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Somme people need a faster website...

The 100th anniversary of the Battle of the Somme is approaching and in remembrance of the battle a commemorative event will be held at 12:00 (11:00 GMT) on 1 July 2016, at the Thiepval Memorial in Northern France. Tickets for this event will be awarded by public ballot. The ballot for tickets opened on 28 September 2015, and will close on 18 November 2015.

When the ballot opened on 28th September, the BBC news website reported the event and, as is often the case for popular events, the http://somme2016.org website crashed. I checked the website a couple of times on 28th September 2015 and this is what I saw.

This isn't a good "first impression" for visitors to your website.

A couple of hours later, I tried again, this time from a desktop browser but I experienced similar problems.

Later in the day I noticed that requests for http://somme2016.org were being redirected to Seetickets, but even that redirect wasn’t working well. Perhaps the initial website was still experiencing problems or maybe the Seetickets infrastructure was having problems. I was surprised that this type of problem was happening on a site which I would expect to have less mass-market appeal than other events successfully promoted by Seetickets.

Following up my earlier investigations, I decided to have a more detailed look at the Somme 2016 website using TrustIV’s WebPageTest instance hosted in Manchester. This showed a number of potential reasons for the poor performance.

Results:

The waterfall chart for the initial page request shows that even today, the page is taking more than 8 seconds to load and more than 9 seconds to fully render in the Chrome browser on a 5Mbit/s link. 

1.3 seconds elapses before the first byte is received by the client browser (Time to First Byte). Based on the ‘Blink’ test, that’s 1.3 seconds of your site visitor's patience wasted. 

Once the page starts to download, other problems with the page construction are apparent.

Image compression: 7 images are downloaded in a higher resolution than required. Compressing these on the server would reduce the image payload from 641KB to 483KB, saving 157KB. At 5Mbit/s this would only save 0.03 seconds which doesn’t sound much on a per-user basis but the cumulative effect on the server is more significant.

Image type: Converting to progressive jpeg images may reduce the image size further and would create the impression of a faster page load time for users. Progressive jpegs contain multiple versions of an image, all of increasing quality. When a browser displays them in sequence, the user perceives a faster load time and a more responsive page.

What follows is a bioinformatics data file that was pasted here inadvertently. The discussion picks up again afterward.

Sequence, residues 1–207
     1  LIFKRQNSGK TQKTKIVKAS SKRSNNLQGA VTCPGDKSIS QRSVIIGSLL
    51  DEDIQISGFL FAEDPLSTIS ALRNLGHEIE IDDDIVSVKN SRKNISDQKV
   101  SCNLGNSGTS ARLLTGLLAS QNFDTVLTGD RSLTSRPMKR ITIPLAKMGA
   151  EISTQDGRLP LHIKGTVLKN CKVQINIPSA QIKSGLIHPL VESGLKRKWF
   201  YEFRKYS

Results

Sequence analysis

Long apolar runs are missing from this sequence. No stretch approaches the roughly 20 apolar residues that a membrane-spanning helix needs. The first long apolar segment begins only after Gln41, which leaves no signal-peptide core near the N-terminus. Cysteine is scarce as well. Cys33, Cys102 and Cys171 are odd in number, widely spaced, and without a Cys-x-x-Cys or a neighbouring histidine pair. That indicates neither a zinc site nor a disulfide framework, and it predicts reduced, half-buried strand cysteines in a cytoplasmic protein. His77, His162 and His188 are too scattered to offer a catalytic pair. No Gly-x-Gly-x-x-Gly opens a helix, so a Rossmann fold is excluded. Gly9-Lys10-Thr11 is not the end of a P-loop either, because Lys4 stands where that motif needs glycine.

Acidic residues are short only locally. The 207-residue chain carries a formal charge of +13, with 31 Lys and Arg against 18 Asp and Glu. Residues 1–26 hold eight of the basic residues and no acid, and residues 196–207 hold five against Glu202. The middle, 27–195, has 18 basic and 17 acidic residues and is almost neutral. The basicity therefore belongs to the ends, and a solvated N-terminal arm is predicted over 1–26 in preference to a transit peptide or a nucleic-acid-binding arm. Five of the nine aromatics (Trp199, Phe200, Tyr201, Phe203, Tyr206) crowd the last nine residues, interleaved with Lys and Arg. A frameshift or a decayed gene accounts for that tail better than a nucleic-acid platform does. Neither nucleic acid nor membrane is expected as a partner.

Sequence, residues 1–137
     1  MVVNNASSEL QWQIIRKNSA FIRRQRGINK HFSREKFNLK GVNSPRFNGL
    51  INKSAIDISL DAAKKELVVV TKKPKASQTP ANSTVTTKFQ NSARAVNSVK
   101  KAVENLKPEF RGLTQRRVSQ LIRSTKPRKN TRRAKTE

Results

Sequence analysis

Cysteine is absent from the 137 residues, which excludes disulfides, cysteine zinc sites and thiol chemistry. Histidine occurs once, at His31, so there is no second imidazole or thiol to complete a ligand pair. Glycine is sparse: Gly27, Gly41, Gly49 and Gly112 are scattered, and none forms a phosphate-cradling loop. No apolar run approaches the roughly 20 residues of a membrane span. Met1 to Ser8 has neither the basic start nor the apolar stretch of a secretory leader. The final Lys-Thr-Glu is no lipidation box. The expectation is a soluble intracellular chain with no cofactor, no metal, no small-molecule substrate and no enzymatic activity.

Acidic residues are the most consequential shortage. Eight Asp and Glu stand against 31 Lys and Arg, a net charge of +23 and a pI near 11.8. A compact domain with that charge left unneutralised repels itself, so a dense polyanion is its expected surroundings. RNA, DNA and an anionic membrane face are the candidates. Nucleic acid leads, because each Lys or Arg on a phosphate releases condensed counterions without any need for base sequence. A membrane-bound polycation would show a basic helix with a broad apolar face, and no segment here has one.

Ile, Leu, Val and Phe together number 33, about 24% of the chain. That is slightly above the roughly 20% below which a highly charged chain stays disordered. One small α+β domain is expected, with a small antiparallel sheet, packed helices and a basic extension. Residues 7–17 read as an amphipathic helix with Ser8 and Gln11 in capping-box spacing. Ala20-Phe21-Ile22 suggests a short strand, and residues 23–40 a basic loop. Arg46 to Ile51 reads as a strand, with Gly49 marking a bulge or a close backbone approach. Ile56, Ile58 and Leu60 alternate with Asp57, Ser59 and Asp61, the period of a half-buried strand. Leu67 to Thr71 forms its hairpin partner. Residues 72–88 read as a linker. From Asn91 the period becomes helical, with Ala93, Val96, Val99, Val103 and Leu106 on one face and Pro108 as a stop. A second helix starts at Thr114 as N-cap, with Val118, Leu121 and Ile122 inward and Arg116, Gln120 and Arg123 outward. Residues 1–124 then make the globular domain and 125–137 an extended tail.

Caching content: The webpage is primarily static content so could easily be cached by a CDN. Over 90% of the content comes from the somme2016.org domain. This domain is registered by Red Giant Projects Ltd, the organisers of the Somme 2016 commemoration. Using CDNs close to the audience could almost certainly improve performance as well as reducing the load on the somme2016.org webservers.

Reducing the number of requests: The webpage is made up from multiple .js (Javascript) and .css (stylesheet) files. Merging stylesheets into a single file would reduce the number of requests and improve performance, the same technique could then be used for the javascript files.

Server location: According to the WHOIS records, the server is hosted by GoDaddy in Arizona, USA. This struck me as a strange location for a website whose primary audience is likely to be British or French visitors. I decided to check this using several traceroute services and each time, it did seem that my page request was served from the USA.

I was surprised that the server appeared to be US-based, so I decided to double check this using the “Visual Trace Route Tool” from the yougetsignal.com website.

The apparent location of the server seemed illogical for a site designed for European visitors, so checked with HTTP-PING and saw slow response times which could be exmplained by the server's remote location. Even simple HTTP-PING requests (which request content without rendering) were taking >1.5 seconds.

Even simpler PING requests still took > 1.5 seconds.

Even more curious about this potential problem, I did some more IP location searches and all of them pointed to a US-based server.

To improve performance of this website, I’d recommend the following:

  • Move the website closer to the audience.
    (It is more than 5000 miles from the Somme to Arizona!)
  • Cache content with a CDN to reduce the load on your webservers.
  • Reduce the size of images and use progressive JPEGs to improve performance.
  • Merge CSS files to reduce the number of HTTP requests per page.
  • Merge JS files to reduce the number of HTTP requests per page.
  • Minify the .JS and .CSS code to reduce the page download size.

The list of performance improvements above stands true for a great number of websites. When promoting any event via a website, it’s essential to develop a site that will perform well. You can’t always predict the increase in traffic from a social media campaign or a news article. Techniques like Network Virtualisation add great value in providing insight into behaviour of sites globally, as well as how the page returns on mobile devices. Once you’ve improved the site as much as you can it’s vital to test it thoroughly just to reassure yourself that it will perform as required. Testing isn’t always hard, but it’s often overlooked. 

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